Both Jairus and this unnamed woman experienced a need and did what it took to receive healing. All too often, Jesus’ admonition of “Do not fear; only believe,” is used to support the notion that if we only have enough faith and just pray hard enough, we too will receive everything we ask for. But you and I both know that’s not the case.
We all know that good and faithful people die and suffer from disease every day. I don’t know why some people experience miracles while the prayers of others seem to go unanswered. I don’t know why sometimes we cry to the heavens, don’t you care that there is so much death and disease in this world? and it just seems like God is still asleep in the back of the boat.
There was a man of deep faith who was diagnosed with Parkinson’s disease when he was still in his fifties. He and his wife prayed constantly that he would be healed, but after twenty years, he was nearing the last stages of the disease. Yet, when asked about it, the man explained that his prayers had indeed been answered. When questioned, he replied, “I have been healed, not of my Parkinson’s, but I have been healed of my fear of Parkinson’s.”
For Jairus and the hemorrhaging woman, their prayers were answered. They sought healing and received it. Yet sometimes our prayers seem to go unanswered. When, through the course of our prayers, we seek to change God, to make God’s will into our will, we often find that we gain something else instead. We come to understand that it’s not God’s mind that has been changed; it is our hearts and minds that are changed.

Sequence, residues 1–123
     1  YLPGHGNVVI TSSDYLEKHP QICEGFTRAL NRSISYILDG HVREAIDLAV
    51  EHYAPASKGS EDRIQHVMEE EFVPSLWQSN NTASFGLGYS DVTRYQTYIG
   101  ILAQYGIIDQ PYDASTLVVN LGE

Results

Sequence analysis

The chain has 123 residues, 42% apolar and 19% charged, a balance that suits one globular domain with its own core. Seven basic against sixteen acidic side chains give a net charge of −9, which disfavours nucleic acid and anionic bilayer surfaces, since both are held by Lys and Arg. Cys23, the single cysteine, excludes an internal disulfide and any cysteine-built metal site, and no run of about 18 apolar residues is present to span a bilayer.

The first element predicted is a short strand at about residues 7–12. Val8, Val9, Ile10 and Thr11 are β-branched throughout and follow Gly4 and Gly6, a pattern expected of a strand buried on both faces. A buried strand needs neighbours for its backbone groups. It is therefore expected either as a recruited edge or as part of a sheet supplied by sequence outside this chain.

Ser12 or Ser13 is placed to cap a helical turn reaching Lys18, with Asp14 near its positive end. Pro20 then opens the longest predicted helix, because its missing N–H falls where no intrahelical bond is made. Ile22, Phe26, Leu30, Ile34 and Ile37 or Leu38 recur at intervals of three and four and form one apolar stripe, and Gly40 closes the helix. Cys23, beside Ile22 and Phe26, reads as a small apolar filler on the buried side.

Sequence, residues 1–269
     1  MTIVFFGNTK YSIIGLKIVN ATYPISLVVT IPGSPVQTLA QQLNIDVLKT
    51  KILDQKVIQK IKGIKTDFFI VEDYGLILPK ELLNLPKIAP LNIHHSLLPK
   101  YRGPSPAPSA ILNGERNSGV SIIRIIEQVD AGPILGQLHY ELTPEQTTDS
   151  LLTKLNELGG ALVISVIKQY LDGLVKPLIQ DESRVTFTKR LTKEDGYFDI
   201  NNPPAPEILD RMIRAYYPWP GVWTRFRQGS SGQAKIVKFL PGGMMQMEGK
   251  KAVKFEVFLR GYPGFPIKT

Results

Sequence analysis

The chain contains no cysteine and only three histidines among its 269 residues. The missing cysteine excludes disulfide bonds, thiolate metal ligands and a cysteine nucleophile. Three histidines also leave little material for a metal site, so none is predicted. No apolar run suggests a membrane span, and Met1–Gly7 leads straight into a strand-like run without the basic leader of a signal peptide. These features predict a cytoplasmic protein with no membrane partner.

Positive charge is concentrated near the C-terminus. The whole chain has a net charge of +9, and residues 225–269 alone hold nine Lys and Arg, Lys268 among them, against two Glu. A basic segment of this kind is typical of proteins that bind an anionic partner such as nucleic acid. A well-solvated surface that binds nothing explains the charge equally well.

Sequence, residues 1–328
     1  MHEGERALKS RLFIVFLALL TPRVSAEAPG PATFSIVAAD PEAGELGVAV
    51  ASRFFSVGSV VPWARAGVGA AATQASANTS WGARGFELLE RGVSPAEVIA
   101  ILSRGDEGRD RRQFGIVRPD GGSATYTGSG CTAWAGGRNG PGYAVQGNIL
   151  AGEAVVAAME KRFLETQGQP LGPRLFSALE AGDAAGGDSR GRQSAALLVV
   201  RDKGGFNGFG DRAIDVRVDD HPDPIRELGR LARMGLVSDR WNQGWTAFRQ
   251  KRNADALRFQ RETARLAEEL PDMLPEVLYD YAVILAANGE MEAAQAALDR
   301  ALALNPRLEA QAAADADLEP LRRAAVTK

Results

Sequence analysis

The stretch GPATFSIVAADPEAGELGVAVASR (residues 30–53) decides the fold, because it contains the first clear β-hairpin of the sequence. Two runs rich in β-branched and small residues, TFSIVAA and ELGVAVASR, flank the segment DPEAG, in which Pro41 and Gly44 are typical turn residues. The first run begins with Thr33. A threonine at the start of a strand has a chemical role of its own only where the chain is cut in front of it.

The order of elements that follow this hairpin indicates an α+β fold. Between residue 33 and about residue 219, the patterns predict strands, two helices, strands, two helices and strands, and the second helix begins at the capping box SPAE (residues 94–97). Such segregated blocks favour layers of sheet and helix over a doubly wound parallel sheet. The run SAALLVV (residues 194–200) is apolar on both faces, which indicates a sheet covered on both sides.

Does prayer work? Absolutely.
Do we get what we pray for? Sometimes, though not always.
But when we open our hearts and minds to seek the healing power of God, however that healing might take place, we enter into a deeper relationship with God, and whatever happens, we will not be the same.
It’s not the easiest thing to turn ourselves completely over to the will of God. As he approached his death, even Jesus asked that this burden be taken from him. Yet as he prayed, he conceded, “not my will but yours, O God.”
Jairus risked his status as a respected religious leader to prostrate himself at the feet of Jesus. His prayer was for healing for his daughter, yet his heart was also healed. Where the other religious leaders couldn’t see the Son of God right in front of them, Jairus let go of his self-importance and had a heart-changing encounter with Jesus.
The hemorrhaging woman snuck through the crowd with the hope that this might finally get the bleeding to stop. Her own faith healed her, but Jesus changed the hearts of all those around as he reinstated her place in society.
Surely after ten years of praying to be cured of his Parkinson’s disease, the man and his wife must have realized that physical healing wasn’t going to happen. Yet they continued to pray for at least another ten years.
That couple knew something about prayer. They knew something that Jairus and the hemorrhaging woman and the entire jostling crowd learned that day:
We don’t pray to change God, we pray and continue to pray so that God can change us. Amen.